State revises travel mandate, offering testing as alternative to quarantine starting Saturday

Capital City Fire and Rescue Captain Roy Johnston talks to people arriving at Juneau’s International Airport on Saturday, March 21, 2020 in Juneau, Alaska. The Juneau International Airport sees multiple daily flights to and from Seattle — one of the epicenters of coronavirus spread in the United States. Starting Thursday, passengers arriving at the airport can request to have their temperature checked. Anyone with a temperature above 100.4 degrees will be advised to contact medical providers and to self-quarantine. (Photo by Rashah McChesney/KTOO)

State leaders said travelers to Alaska who take a test before or at their arrival should take a second test seven to 14 days later under the revised state mandate that goes into effect on Saturday. 

The revised mandate, released on Wednesday, said those coming into the state should minimize their contact with others until they have the results from the second test. 

Read the mandate.

RELATED: The state has revised its two-week quarantine requirement. Here’s what we know about the changes.

Under the revised mandate, out-of-state travelers can choose between two alternatives to a 14-day quarantine: 

  • either have a negative result from a test taken within 72 hours of flying, or 
  • combine a negative result from a test taken within five days before flying with a second test on arrival. 

Travelers without a test can get one on arrival, but they must self-quarantine until they have the results. 

Travelers will be required to fill out a declaration form regarding testing when they’re flying to the state. There will be screeners at the Anchorage, Fairbanks, Juneau, Sitka and Ketchikan airports to collect the forms and offer the tests and vouchers.  Tests also will be given in Wrangell, Petersburg and Gustavus, state Health and Social Services Commissioner Adam Crum said. 

Alaska Chief Medical Officer Dr. Anne Zink said taking one test isn’t the equivalent of the 14-day self-quarantine that the state has required since late March. 

“We’re really trying to minimize that risk as much as possible to Alaskans, while opening up as much as we can,” Zink said. 

RELATED: 18 more Alaskans, another nonresident seafood worker test positive for coronavirus

Zink said a test given seven days after infection will identify roughly 90 percent of cases, while a test given 14 days later will identify roughly 96 percent. She noted that Vermont is using a seven-day quarantine with a test at the end for out-of-state travelers, while Hawaii continues to use a 14-day quarantine.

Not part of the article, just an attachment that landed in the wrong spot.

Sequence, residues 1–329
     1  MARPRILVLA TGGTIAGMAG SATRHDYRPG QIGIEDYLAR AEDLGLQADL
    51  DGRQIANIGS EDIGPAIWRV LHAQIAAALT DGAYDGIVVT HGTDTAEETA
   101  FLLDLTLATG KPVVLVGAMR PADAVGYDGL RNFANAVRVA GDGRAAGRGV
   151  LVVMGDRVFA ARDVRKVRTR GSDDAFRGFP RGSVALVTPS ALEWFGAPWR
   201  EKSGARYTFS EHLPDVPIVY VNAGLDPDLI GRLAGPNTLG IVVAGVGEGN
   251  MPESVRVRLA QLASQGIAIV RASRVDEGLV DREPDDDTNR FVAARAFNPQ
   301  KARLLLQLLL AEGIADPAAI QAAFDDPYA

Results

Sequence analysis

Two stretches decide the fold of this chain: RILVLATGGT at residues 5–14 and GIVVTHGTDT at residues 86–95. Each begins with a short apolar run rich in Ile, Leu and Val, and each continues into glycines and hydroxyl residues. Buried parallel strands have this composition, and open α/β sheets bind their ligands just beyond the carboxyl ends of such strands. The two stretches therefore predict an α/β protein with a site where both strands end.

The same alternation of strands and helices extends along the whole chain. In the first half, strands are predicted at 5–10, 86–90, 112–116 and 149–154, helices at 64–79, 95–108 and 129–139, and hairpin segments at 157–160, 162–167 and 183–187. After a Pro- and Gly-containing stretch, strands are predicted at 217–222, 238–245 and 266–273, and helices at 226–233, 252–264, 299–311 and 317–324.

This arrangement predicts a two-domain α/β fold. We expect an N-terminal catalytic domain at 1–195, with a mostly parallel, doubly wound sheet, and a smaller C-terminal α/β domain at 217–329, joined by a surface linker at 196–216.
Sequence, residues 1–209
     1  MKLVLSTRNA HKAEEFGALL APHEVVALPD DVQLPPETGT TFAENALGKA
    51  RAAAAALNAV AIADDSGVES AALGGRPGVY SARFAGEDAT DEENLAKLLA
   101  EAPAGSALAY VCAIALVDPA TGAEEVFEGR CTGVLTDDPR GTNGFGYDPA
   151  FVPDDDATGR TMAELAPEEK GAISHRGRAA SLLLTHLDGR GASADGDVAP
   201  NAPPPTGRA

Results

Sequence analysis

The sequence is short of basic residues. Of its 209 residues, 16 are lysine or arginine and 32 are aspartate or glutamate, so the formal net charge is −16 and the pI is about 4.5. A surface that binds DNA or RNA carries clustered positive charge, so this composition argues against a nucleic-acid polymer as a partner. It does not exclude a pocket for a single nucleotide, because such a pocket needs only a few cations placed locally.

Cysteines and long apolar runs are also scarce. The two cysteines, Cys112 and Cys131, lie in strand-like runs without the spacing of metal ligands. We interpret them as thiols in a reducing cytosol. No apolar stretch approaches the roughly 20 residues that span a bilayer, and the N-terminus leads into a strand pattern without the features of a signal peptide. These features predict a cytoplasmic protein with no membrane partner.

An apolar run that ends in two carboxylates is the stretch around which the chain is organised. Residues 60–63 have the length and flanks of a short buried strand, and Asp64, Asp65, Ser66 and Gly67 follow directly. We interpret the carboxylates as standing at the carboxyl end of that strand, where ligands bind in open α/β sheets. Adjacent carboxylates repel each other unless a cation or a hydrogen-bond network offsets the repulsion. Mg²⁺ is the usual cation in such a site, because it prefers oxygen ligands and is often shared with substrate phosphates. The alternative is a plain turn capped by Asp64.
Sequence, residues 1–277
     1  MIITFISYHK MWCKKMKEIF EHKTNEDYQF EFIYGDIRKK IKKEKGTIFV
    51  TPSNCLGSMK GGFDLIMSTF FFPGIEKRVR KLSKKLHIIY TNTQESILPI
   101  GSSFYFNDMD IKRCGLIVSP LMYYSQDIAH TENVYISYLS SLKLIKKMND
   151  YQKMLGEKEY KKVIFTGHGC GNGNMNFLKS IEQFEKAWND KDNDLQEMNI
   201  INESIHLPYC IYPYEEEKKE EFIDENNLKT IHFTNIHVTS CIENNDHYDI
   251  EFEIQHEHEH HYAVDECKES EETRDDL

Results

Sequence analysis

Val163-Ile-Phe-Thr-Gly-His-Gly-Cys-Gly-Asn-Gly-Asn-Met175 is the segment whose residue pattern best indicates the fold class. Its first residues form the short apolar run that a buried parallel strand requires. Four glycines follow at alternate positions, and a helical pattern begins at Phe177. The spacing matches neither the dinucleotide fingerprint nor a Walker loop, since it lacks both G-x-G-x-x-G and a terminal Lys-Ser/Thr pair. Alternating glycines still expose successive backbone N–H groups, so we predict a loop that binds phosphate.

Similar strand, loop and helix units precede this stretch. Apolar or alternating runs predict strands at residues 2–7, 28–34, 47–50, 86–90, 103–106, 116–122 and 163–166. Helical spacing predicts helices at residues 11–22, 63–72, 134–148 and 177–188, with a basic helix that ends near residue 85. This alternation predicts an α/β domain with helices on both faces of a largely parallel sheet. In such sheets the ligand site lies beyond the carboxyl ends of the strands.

Travelers will be given a voucher they can use at testing sites. Zink said the state is working to identify which sites will be able to take the vouchers.  

The mandate applies to all travel from Outside, including Alaskans returning home. Gov. Mike Dunleavy said his administration will actively seek feedback as he evaluates how to revise the mandate in the future. 

“We’re going to want to hear from you as travelers, we’re going to want to hear from you as businesses, entities, what’s working, what’s not,” he said. “Nothing is foolproof in this pandemic.”

Dunleavy said he’s trying to strike a balance. He noted that some people in the state want to continue with 14-day quarantines, while others don’t want any travel restrictions.

Dunleavy emphasized that the state is relying on people to work together to minimize the spread of the virus. 

“We have a duty — I should say — to each other to try and not impact each other with this virus, if we can,” he said. 

Zink said that if there’s a large increase in the number of cases inside the state that stressed the state’s testing capacity, the state could stop offering tests at the airports. 

When asked whether he would consider mandating the use of face masks in places where social distancing is difficult, Dunleavy said the state would continue to rely on Alaskans to “do the right thing.”

“The big thing I would ask when it comes to masks, is simply this: If you see somebody wearing a mask and you don’t want to wear a mask, give them a thumbs up,” he said. “If you see somebody not wearing a mask and you’re wearing a mask, they’re your fellow Alaskan. And nobody’s trying to hurt each other.  We’re all trying to do the right thing in a very difficult situation.”   

He added that mask wearing is about protecting others, and that people don’t know the health conditions of other people they encounter, or that of their family members. 

Send us your questions — big and small, serious and trivial — about this topic or anything else to do with the pandemic in Alaska and we’ll send a reporter or expert out to find the answer. Call 907-586-1600 to leave a recorded question. Or email us at

Correction: An earlier version of this story misstated when the revised mandate goes into effect. It goes into effect at 12:01 a.m. on Saturday, not Friday.

Andrew Kitchenman is the state government and politics reporter for Alaska Public Media and KTOO in Juneau. Reach him at

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